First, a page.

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Rylander v. Chicago Short Line Ry. Co.

JUNE 27, 1958.

ROY D. RYLANDER, APPELLEE,

v.

CHICAGO SHORT LINE RAILWAY COMPANY, APPELLANT.



Appeal from the Superior Court of Cook county; the Hon. JOHN J. LYONS, Judge, presiding. Affirmed.

JUSTICE BRYANT DELIVERED THE OPINION OF THE COURT.

Rehearing denied October 23, 1958.

This is an appeal by the defendant in a common law action to recover damages for personal injuries alleged to have been suffered by the plaintiff due to the alleged negligence of the defendant in delivering for loading and use in interstate commerce a tank car which was in defective and unsafe condition for its intended use, wherein the jury returned a verdict for the plaintiff for $32,500, upon which, after defendant's post-trial motions were denied, judgment was entered.

The plaintiff, Roy D. Rylander, was employed by the Interlake Iron Company on February 19, 1951 as a stillman's helper. His duties consisted of mixing various by-products of tar, hereinafter mentioned, in various tanks and loading these products into tank cars.

The defendant, Chicago Short Line Railway Company, is a common carrier. It has a short mileage in the industrial areas in Chicago and vicinity. Its principal function is to render switching service and to pick up freight cars and deliver them to intermediate carriers for the ultimate purpose of transportation to the consignees, and to accept cars from intermediate carriers and deliver them to local consignees — principally the Interlake plant and the Youngstown plant. It had no contractual relationship with the plaintiff. It performed common carrier service for the plaintiff's employer, Interlake Iron Company.

The Interlake Iron Company operated a large industrial plant and owned railroad tracks within the plant enclosure used in operating the plant. Interlake had no motive power for railroad movement. The defendant operated a locomotive and hired the crew and moved all of the freight cars within the Interlake plant. The defendant also leased certain tracks from Interlake and owned certain other tracks within Interlake's plant, and owned and operated certain tracks adjacent to the Interlake plant. These tracks were used, in part, for storage, in part for the inspection of cars, and in part for minor repairs found necessary upon inspection. Interlake was not a common carrier. A part of the by-products of the operation of the company were creosote, light oil, heavy oil, carbolic naphthalene and pitch.

Tank cars were usually brought into the Interlake plant in the late afternoon and spotted by the defendant for loading during the night. Tank cars were not owned either by Interlake or the defendant, but were leased by Interlake from the General American Transportation Company, whose business it was to furnish cars, upon lease, to prospective shippers of liquids. The cars were delivered by the defendant Chicago Short Line, as a part of its duty as a common carrier, to the consignor, the Interlake company, for loading. The car involved in the alleged injury to the plaintiff was so delivered and spotted in the late afternoon before the alleged injury occurred. The Chicago Short Line, defendant, in common with most other common carriers, did not own any tank cars. In that sense of ownership the defendant did not furnish tank cars to Interlake or to any other users of tank cars.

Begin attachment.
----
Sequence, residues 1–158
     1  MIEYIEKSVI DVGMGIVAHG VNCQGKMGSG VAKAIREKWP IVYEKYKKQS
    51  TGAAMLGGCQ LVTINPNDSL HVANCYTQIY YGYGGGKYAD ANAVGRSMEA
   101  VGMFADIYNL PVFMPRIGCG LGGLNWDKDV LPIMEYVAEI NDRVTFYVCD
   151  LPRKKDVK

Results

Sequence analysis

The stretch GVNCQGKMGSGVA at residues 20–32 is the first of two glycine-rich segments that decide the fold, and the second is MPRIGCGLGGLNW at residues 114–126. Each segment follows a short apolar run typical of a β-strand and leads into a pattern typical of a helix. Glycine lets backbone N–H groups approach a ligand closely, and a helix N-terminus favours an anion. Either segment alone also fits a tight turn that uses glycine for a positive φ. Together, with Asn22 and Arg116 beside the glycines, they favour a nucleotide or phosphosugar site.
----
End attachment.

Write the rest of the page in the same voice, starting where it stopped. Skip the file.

The defendant as a common carrier maintained a car inspection system under the supervision of a Master Car Builder, who supervised car repairs, safety and car inspectors. There was a car inspector employed all day in the yard at the Interlake plant. He inspected both empty, about to be loaded, and loaded, about to be emptied, cars. The inspector was an employee of the defendant.

When a tank car which had been leased by Interlake was received by the defendant it was set for loading, or in storage. When Interlake needed a tank car it ordered out one of the tank cars which it had leased which was available and the defendant moved that tank car to the loading place. When a tank car is tendered to the defendant by an intermediate carrier, if it complies with certain basic regulations of the Interstate Commerce Commission the defendant may not refuse to accept the car from that carrier. It must accept the car and place it upon the repair tracks if repairs are necessary. If the car has a defective wheel, a cracked side frame, broken couplings or broken driving gear, the defendant would repair it in the shop when it was delivered to it by connecting carriers. The defendant repairs safety appliances, including a defective pin lifter, defective brake shoe and dragging brake beam. If a tank car was leaking, such a car would be stenciled: "Don't reload this car on account of leaking. Return home for repairs," and the defendant would notify the owner of the tank car — that is, the General American Transportation Company, in case of a car owned by it. If there are additional types of repairs necessary, tank cars are returned to the owners for repairs. It is required that a tank car be a good, complete sealed unit. When the defendant inspected cars it looked to see if the tank cars had any conditions which might cause leakage. They walked around the car; they looked underneath it for defects; they could see the condition up on the dome of the car; they could see the lugs from both sides of the end of the car when they are in place holding the top down, but they could not see if they are broken. Car inspectors were required to know the condition of the cover on the dome of the car. They did that by determining if there is spillage, but they inspected from the ground below and did not climb on the top of the car. But in inspecting box cars they climbed upon the top of the cars and looked at the running-boards on the top thereof.